An event as part of the exhibition "Straub/Huillet/Cézanne. One Doesn't Paint Souls"
Filmtip: Death of Empedocles, 1987
7 min, German
16mm, transfered to HD
Courtesy Harun Farocki Filmproduktion
Jean-Marie Straub/Danièle Huillet:
The Death of Empedocles or When the Green of the Earth Will Glisten for You Anew, 1986
132 min, German
35mm, transfered to HD
Courtesy Straub Huillet Films, BELVA Film
In 1987, Harun Farocki wrote and directed a short television feature on Straub/Huillet’s ‘The Death of Empedocles’ for the WDR ‘Filmtip’ series. Farocki talks to Andreas von Rauch, the actor who played Empedokles in the film, and poses questions about the transformation of Hölderlin’s written text into spoken language: ‘How do you learn 1000 verses of Hölderlin? (Reading aloud and integrating the text into your everyday life.) Do you have to understand the meaning of the words for this work? (Difficult to say. Yes, up to a certain extent, but like a piece of music, you have to rely on the sound.) Is there such a thing as a connection between understanding and being able to memorise something? What is the relationship between the specifications about how a text is to be spoken and “personal expression”?’ (Volker Pantenburg)
A year earlier, in 1986, Straub/Huillet produced their first adaptation of Friedrich Hölderlin’s unfinished tragedy ‘The Death of Empedocles’ (after his first version from 1798). The play is about the pre-Socratic Greek philosopher Empedocles, who tried in vain to convince his fellow citizens to live in harmony with nature and model their lives after it. Instead of following him, however, Empedocles was sentenced to exile. He consequently committed suicide by throwing himself into the crater of Mount Etna. Straub/Huillet mounted two passages from this film into their Cézanne film, pointing in this way to spiritual affinity between the painter and the philosopher as intermediaries between art and nature. As we discover from Straub himself in Harald Bergmann’s filmic contribution, both works are devoted to mountains on fire: Mount Etna and the Montagne Sainte-Victoire, about which Cézanne is supposed to have said: ‘Look at this mountain. These rocks were made of fire. There is still fire in them’.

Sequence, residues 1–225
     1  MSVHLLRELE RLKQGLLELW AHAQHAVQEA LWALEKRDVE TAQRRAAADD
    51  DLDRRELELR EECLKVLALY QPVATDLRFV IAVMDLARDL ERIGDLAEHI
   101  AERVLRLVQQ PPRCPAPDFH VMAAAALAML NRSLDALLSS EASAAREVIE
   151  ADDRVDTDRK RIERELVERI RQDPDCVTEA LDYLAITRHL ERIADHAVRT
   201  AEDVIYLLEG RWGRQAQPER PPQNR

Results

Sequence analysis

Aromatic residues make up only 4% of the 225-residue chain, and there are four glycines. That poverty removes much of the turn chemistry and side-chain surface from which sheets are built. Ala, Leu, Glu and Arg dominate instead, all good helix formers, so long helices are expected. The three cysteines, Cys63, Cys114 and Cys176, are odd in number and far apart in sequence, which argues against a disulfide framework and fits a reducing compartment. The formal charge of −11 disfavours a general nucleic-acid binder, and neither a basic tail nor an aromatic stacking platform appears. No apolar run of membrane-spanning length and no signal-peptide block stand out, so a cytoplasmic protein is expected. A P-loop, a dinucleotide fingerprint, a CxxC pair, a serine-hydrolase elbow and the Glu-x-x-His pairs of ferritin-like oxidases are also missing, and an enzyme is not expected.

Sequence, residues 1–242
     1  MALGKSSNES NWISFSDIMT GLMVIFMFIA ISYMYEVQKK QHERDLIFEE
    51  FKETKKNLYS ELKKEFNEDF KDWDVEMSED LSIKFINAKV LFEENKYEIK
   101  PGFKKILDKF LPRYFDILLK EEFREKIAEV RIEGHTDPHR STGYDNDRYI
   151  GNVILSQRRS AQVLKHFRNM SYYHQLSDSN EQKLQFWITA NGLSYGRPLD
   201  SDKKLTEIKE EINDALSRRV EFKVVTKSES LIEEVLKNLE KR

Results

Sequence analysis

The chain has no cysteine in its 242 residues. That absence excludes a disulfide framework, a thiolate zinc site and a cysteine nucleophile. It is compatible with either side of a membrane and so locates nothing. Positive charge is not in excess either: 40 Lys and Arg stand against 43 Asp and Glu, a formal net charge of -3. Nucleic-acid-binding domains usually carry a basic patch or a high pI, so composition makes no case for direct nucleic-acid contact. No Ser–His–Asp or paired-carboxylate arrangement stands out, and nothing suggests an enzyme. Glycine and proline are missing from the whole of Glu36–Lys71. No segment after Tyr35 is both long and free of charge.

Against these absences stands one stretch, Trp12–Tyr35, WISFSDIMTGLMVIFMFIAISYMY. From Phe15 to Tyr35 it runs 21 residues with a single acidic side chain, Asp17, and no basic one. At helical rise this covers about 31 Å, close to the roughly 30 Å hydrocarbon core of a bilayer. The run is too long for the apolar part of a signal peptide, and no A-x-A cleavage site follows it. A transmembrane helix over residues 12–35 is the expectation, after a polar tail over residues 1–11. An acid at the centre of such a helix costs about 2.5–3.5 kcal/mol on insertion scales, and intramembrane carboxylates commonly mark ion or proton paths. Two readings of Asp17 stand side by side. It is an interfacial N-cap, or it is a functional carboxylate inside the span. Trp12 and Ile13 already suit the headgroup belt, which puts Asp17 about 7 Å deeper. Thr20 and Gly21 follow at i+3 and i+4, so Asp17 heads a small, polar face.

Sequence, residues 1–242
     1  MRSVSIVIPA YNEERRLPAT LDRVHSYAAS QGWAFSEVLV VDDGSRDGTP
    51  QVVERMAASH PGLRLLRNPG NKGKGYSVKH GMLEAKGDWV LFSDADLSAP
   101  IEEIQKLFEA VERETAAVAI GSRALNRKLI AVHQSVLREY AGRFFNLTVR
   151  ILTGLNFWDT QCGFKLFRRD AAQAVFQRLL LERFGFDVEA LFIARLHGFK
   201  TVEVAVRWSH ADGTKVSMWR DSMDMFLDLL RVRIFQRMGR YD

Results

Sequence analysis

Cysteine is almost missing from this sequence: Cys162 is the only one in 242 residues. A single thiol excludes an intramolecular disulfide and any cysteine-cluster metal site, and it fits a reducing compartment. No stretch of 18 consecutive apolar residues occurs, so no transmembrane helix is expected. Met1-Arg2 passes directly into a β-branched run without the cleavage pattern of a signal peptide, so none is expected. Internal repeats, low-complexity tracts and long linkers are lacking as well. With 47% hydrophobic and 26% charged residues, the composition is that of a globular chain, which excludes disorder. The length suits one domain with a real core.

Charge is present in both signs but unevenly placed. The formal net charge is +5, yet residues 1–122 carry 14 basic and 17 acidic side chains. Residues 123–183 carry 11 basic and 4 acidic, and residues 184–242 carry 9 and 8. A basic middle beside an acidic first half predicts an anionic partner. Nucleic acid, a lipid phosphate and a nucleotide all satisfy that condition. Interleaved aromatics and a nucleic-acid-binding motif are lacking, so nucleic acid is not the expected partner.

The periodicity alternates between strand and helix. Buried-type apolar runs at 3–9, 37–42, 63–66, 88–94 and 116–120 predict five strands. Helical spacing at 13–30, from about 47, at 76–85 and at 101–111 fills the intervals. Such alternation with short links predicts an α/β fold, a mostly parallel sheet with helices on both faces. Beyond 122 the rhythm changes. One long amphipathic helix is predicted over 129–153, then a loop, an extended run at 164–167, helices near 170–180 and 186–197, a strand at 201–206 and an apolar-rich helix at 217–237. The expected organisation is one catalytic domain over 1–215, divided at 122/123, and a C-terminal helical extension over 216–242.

1 — Harun Farocki: Filmtip: Death of Empedocles, 1987
2 — Jean-Marie Straub/Danièle Huillet: The Death of Empedocles or When the Green of the Earth Will Glisten for You Anew, 1986